Aliases for KCNN1 Gene
External Ids for KCNN1 Gene
Previous GeneCards Identifiers for KCNN1 Gene
Action potentials in vertebrate neurons are followed by an afterhyperpolarization (AHP) that may persist for several seconds and may have profound consequences for the firing pattern of the neuron. Each component of the AHP is kinetically distinct and is mediated by different calcium-activated potassium channels. The protein encoded by this gene is activated before membrane hyperpolarization and is thought to regulate neuronal excitability by contributing to the slow component of synaptic AHP. The encoded protein is an integral membrane protein that forms a voltage-independent calcium-activated channel with three other calmodulin-binding subunits. This gene is a member of the KCNN family of potassium channel genes. [provided by RefSeq, Jul 2008]
GeneCards Summary for KCNN1 Gene
KCNN1 (Potassium Channel, Calcium Activated Intermediate/Small Conductance Subfamily N Alpha, Member 1) is a Protein Coding gene. Diseases associated with KCNN1 include schizophrenia. Among its related pathways are Transmission across Chemical Synapses and Insulin secretion. GO annotations related to this gene include calmodulin binding and small conductance calcium-activated potassium channel activity. An important paralog of this gene is KCNN4.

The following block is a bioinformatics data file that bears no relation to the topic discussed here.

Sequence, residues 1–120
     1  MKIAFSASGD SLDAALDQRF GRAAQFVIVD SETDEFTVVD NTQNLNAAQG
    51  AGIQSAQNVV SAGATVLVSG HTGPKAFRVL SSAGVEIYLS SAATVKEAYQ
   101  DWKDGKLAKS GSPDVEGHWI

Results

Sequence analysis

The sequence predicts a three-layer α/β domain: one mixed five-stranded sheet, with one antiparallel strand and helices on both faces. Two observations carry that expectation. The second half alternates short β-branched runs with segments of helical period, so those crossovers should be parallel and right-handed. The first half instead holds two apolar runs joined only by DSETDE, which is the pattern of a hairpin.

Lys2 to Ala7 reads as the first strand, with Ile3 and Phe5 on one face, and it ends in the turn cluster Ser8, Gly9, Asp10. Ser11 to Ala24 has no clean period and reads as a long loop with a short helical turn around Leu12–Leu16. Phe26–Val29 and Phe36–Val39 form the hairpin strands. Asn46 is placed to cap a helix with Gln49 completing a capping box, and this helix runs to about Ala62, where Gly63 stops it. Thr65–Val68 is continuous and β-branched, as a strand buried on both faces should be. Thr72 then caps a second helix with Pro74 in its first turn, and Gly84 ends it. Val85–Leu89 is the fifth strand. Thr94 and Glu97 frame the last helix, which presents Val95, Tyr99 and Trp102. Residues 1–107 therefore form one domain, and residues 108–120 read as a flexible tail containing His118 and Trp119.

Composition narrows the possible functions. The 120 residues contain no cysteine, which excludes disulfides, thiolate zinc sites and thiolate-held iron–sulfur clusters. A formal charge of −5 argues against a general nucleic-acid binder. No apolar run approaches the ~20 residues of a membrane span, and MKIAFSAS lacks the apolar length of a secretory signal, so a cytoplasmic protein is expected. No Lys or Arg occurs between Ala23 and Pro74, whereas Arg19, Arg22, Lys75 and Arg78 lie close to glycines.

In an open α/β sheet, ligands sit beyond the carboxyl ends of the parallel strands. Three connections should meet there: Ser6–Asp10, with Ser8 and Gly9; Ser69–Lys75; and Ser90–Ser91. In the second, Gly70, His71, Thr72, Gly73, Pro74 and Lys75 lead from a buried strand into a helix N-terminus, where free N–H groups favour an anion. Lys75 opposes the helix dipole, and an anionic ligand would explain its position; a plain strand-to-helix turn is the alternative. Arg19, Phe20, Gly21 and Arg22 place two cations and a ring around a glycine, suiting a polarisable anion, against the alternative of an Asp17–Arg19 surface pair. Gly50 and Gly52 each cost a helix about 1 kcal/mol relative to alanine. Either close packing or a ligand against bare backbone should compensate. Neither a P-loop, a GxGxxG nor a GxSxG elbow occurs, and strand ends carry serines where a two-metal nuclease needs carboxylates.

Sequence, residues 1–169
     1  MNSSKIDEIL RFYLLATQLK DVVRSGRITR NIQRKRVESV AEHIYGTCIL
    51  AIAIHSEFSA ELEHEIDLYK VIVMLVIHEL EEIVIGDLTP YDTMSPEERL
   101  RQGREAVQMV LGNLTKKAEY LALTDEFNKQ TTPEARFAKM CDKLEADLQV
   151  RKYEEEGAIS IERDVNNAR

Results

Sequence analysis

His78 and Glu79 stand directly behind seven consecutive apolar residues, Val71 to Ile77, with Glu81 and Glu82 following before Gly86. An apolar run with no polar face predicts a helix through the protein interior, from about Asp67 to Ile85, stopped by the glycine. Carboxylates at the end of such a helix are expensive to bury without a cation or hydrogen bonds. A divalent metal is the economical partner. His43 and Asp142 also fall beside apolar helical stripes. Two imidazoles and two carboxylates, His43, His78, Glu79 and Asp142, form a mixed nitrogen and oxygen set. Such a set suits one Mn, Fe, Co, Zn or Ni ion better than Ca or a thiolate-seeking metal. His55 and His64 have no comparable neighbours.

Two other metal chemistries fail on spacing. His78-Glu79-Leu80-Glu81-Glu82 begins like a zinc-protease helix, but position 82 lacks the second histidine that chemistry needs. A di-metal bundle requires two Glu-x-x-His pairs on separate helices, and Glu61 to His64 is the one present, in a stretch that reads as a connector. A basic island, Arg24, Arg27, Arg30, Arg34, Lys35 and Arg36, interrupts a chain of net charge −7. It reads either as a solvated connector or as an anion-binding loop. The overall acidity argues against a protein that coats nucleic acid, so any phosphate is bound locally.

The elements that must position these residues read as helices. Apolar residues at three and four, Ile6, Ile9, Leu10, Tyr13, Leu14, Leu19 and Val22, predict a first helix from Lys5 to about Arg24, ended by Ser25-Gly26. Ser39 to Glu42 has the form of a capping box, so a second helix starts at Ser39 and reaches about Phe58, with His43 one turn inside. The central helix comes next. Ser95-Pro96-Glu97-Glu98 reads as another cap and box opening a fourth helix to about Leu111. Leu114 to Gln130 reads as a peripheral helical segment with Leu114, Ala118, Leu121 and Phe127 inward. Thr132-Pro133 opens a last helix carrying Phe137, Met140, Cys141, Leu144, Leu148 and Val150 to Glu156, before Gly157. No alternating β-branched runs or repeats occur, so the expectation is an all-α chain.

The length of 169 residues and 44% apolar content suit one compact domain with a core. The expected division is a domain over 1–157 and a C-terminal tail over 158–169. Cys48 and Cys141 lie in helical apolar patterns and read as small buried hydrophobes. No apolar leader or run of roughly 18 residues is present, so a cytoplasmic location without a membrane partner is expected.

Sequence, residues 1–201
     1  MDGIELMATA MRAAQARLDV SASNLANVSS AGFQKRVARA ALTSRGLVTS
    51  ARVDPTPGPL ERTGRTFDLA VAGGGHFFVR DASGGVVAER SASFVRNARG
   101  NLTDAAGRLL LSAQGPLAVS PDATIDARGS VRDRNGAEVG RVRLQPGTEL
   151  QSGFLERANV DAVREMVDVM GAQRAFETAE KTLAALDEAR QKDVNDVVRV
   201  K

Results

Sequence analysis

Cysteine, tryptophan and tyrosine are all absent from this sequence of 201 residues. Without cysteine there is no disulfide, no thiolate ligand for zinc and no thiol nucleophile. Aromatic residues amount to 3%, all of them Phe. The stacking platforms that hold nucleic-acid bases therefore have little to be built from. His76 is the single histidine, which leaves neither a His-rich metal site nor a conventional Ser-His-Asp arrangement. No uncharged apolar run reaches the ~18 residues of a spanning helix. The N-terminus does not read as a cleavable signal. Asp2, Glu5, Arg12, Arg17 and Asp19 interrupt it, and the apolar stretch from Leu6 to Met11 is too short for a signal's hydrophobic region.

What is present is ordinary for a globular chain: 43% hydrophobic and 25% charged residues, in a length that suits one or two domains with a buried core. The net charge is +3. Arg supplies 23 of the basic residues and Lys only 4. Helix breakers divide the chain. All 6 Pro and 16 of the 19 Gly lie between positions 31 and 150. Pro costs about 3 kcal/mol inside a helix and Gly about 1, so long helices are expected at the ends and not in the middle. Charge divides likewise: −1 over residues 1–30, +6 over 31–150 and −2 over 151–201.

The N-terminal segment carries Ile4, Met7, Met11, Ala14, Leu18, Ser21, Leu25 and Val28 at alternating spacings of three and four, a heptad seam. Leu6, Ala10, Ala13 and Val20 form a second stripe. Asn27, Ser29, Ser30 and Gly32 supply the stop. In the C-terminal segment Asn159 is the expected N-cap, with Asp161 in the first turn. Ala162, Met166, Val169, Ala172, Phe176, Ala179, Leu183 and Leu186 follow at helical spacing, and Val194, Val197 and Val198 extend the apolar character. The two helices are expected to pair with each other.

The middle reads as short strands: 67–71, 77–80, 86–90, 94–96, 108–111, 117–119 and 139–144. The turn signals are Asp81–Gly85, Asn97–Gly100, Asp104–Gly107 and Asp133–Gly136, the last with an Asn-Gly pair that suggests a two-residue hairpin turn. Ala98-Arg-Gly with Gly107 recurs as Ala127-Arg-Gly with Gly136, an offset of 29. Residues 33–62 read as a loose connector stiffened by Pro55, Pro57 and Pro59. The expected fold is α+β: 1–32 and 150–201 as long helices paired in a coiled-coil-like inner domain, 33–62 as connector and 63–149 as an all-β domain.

UniProtKB/Swiss-Prot for KCNN1 Gene
Forms a voltage-independent potassium channel activated by intracellular calcium. Activation is followed by membrane hyperpolarization. Thought to regulate neuronal excitability by contributing to the slow component of synaptic afterhyperpolarization. The channel is blocked by apamin (By similarity).
Ca2+-activated potassium channels (KCa) are a group of 6/7-TM ion channels that selectively transport K+ ions across biological membranes. They are broadly classified into three subtypes, SK, IK and BK channels, based on their conductance (small, intermediate and big conductance respectively). The small conductance KCa channels (KCa2.1, 2.2 and 2.3, also known as SK1, SK2 and SK3 respectively) and the intermediate conductance KCa channel (KCa3.1, also known as SK4) are voltage-insensitive and are activated by Ca2+-calmodulin. Both play important roles in many processes involving Ca2+-dependent signalling in both electrically excitable and non-excitable cells. The BK family of KCa channels (also known as Slo or Maxi-K channels) are also voltage-sensitive and include KCa1.1 (Slo1), KCa4.1 (Slo2.2), KCa4.2 (Slo2.1) and KCa5.1 (Slo3). These channels do not require calmodulin for activation as they contain three direct bivalent cation binding sites.